Guardi­ola tells ram­pant City to be­ware as win­ter closes in

Man­ager knows key pe­riod awaits his ti­tle con­tenders City’s last two sea­sons have gone cold come Novem­ber

The Sunday Telegraph - Sport - - Sport | Football - James Ducker NORTH­ERN FOOT­BALL COR­RE­SPON­DENT

Pep Guardi­ola had no sooner fin­ished field­ing ques­tions on Fri­day about the prospect of his Manch­ester City team em­u­lat­ing Arse­nal’s “In­vin­ci­bles” by go­ing un­beaten this sea­son than the man­ager was be­ing asked whether they could fol­low in Manch­ester United’s foot­steps by win­ning the tre­ble.

Af­ter 15 wins in 16 matches, dur­ing which time City have plun­dered 49 goals and been cred­ited in some quar­ters with el­e­vat­ing the game to heights sel­dom seen on these shores, ex­pec­ta­tions are mush­room­ing by the week. Arse­nal visit the Eti­had Sta­dium this af­ter­noon with few giv­ing Arsene Wenger’s side much chance of halt­ing City’s 14-game win­ning streak.

In­su­lat­ing play­ers from that sort of hype is not easy, but if Guardi­ola has been keen to guard against com­pla­cency, it would be lit­tle sur­prise if the Cata­lan has been busy re­mind­ing his squad about what hap­pened in the pre­vi­ous two sea­sons af­ter a largely ram­pant Au­gust, Sep­tem­ber and Oc­to­ber.

On both oc­ca­sions, City, as they are now, were sit­ting pretty at the top of the ta­ble go­ing into the first Premier League game of Novem­ber. Un­der Guardi­ola last term, City had won seven of 10 games and were av­er­ag­ing 2.3 points per match. It had been much the same the pre­vi­ous year in Manuel Pel­le­grini’s fi­nal sea­son in charge. City were av­er­ag­ing 2.27 points per game af­ter eight wins in their open­ing 11 league fix­tures.

And then the clocks went back­wards and City went the same way on the pitch. Last sea­son, Novem­ber, De­cem­ber and Jan­uary yielded just 20 points from 12 games at an av­er­age of 1.66 points per match, a sharp de­cline that saw City drop from first to fifth in the ta­ble. The pre­vi­ous sea­son, they mus­tered an av­er­age of just 1.58 points over that three-month pe­riod, slipped to sec­ond, and never re­claimed top spot, ul­ti­mately fin­ish­ing a dis­tant fourth.

So, can Guardi­ola en­sure that City avoid a third con­sec­u­tive win­ter of dis­con­tent? No one re­al­is­ti­cally ex­pects them to main­tain their cur­rent av­er­age of 2.8 points per game but pre­vent­ing the sort of marked drop-off that de­railed the pre­vi­ous two ti­tle cam­paigns will be fore­most in Guardi­ola’s mind as he steals him­self for his sec­ond English win­ter.

“I look at the win­ter months and it seems like an old cliche – can you go away to Stoke and all that sort of garbage – but there’s a lit­tle bit more to it than that,” Gary Neville, the for­mer United de­fender and Sky Sports pun­dit, said this week. “City would prob­a­bly have won the ti­tle in those two sea­sons if they’d main­tained their win­ning level. But if they drop to that level in Novem­ber, De­cem­ber and Jan­uary again then they’ll be in trou­ble.

“I don’t care what any­body says, those are the tough­est months to play foot­ball – the games, the weather, the in­juries, the stock­pile of fix­tures, the Cham­pi­ons League, the Christ­mas pe­riod. Can they get through to Fe­bru­ary, March and April when the weather gets bet­ter again and it’s an eas­ier time of the year to play foot­ball?”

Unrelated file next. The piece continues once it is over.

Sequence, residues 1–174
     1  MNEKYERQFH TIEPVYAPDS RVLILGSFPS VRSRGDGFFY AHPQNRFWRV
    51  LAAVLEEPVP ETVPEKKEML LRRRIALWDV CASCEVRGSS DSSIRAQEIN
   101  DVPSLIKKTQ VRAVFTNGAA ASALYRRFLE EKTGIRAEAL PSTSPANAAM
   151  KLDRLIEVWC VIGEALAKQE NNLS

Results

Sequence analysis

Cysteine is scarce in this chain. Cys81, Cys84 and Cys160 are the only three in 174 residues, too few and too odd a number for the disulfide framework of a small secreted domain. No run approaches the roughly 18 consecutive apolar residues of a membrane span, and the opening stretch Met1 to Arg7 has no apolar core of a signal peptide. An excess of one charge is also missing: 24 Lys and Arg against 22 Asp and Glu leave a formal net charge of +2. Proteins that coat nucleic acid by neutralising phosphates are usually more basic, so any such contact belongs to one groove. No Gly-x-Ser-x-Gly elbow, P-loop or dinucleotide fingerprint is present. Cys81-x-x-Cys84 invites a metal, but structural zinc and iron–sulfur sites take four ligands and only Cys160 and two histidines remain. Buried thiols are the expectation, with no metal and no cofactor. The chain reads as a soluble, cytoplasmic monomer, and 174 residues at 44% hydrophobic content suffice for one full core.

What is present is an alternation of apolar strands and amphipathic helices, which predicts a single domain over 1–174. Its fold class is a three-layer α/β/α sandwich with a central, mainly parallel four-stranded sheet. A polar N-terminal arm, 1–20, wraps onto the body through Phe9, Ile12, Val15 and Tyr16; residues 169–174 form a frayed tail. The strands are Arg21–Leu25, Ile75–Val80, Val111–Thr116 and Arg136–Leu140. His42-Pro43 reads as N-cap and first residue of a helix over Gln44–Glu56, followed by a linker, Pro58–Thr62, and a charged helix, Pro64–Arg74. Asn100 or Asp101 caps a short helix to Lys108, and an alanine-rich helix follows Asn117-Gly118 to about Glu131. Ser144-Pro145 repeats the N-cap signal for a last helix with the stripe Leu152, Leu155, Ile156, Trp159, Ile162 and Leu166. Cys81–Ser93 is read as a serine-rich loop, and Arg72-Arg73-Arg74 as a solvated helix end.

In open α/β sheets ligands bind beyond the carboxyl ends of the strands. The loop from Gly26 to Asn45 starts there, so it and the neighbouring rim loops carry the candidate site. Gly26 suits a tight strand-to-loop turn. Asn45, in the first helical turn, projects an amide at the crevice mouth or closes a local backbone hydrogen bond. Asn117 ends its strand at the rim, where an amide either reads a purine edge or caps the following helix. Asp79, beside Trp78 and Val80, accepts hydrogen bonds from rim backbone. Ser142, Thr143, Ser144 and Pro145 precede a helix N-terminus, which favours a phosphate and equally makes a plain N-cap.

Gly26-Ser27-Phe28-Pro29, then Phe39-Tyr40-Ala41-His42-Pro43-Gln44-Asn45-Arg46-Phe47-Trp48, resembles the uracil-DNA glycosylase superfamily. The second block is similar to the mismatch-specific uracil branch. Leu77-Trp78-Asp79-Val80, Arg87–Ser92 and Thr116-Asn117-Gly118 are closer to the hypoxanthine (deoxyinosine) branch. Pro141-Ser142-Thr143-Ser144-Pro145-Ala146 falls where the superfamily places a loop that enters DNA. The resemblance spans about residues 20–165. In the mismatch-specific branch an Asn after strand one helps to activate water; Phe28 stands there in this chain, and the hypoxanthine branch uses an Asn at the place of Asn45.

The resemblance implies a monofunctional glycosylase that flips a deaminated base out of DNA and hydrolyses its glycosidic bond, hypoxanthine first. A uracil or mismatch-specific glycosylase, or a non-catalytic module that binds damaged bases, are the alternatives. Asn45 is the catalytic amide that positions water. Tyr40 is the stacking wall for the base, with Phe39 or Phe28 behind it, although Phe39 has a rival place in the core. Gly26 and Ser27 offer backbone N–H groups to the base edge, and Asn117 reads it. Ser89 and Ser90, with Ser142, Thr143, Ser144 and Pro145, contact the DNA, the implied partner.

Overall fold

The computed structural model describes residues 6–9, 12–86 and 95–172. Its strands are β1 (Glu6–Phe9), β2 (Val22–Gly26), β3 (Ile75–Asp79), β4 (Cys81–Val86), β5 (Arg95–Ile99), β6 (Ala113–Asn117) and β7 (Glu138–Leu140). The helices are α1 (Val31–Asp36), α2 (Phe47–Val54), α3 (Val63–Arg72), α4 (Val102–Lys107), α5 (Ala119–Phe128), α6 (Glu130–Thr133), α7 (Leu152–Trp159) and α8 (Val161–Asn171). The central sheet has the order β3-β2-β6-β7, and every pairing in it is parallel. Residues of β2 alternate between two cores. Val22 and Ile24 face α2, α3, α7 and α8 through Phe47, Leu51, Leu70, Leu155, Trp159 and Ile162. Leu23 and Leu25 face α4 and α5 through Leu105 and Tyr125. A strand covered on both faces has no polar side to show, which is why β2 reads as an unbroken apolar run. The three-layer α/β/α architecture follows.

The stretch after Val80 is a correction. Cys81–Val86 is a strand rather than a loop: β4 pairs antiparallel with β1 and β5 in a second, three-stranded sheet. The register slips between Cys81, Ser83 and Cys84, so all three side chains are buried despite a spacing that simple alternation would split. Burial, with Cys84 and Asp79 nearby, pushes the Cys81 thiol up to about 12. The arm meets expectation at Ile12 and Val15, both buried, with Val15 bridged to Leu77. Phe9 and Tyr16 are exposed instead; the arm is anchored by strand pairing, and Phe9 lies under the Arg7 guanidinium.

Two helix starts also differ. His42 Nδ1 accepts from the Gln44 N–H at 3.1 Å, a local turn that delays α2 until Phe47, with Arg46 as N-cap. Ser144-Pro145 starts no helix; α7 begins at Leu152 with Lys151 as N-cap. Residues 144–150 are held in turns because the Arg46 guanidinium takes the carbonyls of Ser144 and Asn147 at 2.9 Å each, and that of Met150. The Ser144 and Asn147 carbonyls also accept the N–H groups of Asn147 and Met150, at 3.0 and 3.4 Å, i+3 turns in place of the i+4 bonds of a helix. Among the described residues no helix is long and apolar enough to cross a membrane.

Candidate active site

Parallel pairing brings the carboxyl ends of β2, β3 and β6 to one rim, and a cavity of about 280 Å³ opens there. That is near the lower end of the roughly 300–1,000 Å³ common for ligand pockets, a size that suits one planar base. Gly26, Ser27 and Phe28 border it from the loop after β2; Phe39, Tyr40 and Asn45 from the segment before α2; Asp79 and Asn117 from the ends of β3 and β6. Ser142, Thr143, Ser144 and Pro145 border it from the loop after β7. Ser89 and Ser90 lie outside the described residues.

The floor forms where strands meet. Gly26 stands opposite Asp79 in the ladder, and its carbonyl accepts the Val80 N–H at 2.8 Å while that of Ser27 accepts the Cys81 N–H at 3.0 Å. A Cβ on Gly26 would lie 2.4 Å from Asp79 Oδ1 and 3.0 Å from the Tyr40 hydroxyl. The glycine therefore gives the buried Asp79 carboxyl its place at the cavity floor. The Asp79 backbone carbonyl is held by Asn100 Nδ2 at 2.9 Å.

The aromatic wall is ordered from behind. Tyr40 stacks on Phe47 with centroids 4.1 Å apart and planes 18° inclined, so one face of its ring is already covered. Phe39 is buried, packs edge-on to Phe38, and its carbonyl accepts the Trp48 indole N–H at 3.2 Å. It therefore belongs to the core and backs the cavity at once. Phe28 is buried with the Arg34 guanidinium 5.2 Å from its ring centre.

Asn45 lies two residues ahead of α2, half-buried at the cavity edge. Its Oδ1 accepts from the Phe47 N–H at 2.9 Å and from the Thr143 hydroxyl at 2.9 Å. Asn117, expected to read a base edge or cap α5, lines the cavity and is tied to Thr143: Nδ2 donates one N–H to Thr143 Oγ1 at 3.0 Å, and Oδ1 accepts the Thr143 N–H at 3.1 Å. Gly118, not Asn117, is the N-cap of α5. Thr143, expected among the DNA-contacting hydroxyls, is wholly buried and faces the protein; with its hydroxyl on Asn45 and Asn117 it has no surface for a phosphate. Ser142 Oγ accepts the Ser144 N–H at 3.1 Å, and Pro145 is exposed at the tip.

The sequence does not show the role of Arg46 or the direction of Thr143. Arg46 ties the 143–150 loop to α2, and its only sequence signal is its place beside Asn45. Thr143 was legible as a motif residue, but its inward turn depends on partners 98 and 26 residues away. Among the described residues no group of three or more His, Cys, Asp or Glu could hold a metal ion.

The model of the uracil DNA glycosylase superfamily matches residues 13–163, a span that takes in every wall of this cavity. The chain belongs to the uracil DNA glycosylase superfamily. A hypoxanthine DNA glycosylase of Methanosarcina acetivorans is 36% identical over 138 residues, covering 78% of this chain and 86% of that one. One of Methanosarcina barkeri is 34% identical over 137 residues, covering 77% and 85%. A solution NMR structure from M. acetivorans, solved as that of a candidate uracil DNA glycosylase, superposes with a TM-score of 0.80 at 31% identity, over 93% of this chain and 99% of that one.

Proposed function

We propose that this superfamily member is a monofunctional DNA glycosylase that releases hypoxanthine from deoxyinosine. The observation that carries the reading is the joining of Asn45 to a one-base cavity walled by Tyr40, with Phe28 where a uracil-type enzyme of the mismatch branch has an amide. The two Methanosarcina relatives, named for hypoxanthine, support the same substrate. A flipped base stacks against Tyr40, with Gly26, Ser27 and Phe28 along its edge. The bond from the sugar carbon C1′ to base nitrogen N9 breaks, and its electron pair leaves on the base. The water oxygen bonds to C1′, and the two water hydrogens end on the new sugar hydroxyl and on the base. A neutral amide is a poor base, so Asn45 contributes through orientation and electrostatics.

So, are City bet­ter equipped this time around to deal with the prob­lems that a con­gested win­ter sched­ule in­vari­ably throws up? Hav­ing al­ready qual­i­fied for the Cham­pi­ons League knock­out stages, Guardi­ola will, for a start, have the op­tion of rest­ing play­ers for City’s fi­nal two group games if he wishes. The loss of Ser­gio Aguero to in­jury and sus­pen­sion for much of De­cem­ber last year hurt City be­cause they had no ob­vi­ous re­place­ment, es­pe­cially since new sign­ing Gabriel Je­sus was not avail­able un­til the fol­low­ing month. By con­trast, they now have an abun­dance of riches in at­tack that should al­low Guardi­ola to con­tinue ro­tat­ing and keep play­ers fresh. If there is a con­cern, it is prob­a­bly in cen­tral de­fence. Vincent Kom­pany has been side­lined since late Au­gust and an in­jury to John Stones or Ni­co­las Ota-

mendi would leave City com­pro­mised at the back, al­though Guardi­ola could en­ter the trans­fer mar­ket for at least one new de­fender in Jan­uary. Sim­i­larly, City can ill af­ford to lose right­back Kyle Walker, es­pe­cially with left-back Ben­jamin Mendy al­ready a long-term ab­sen­tee.

The cru­ci­ate lig­a­ment in­jury suf­fered by Ilkay Gun­do­gan last De­cem­ber could not have been more poorly timed, but the mid­fielder is be­ing eased back and will feel like a new sign­ing. Yaya Toure has barely fea­tured this term but his ex­pe­ri­ence could be in­valu­able at dif­fi­cult times.

Also keeper Clau­dio Bravo’s strug­gles to adapt to English foot­ball came to a head last win­ter; at one point in Jan­uary he had con­ceded six goals from six shots faced. Eder­son, City’s new No 1, has sel­dom looked flus­tered.

Guardi­ola is tak­ing noth­ing for granted, though. “Of course, we have done re­ally well but I’ve seen it be­fore,” he said. “There are still a lot of things to come. If you want the ti­tle then you have to fight in Novem­ber, in De­cem­ber, in Jan­uary as well as Fe­bru­ary, March, April, May.”

‘Win­ter is tough­est pe­riod to play foot­ball’

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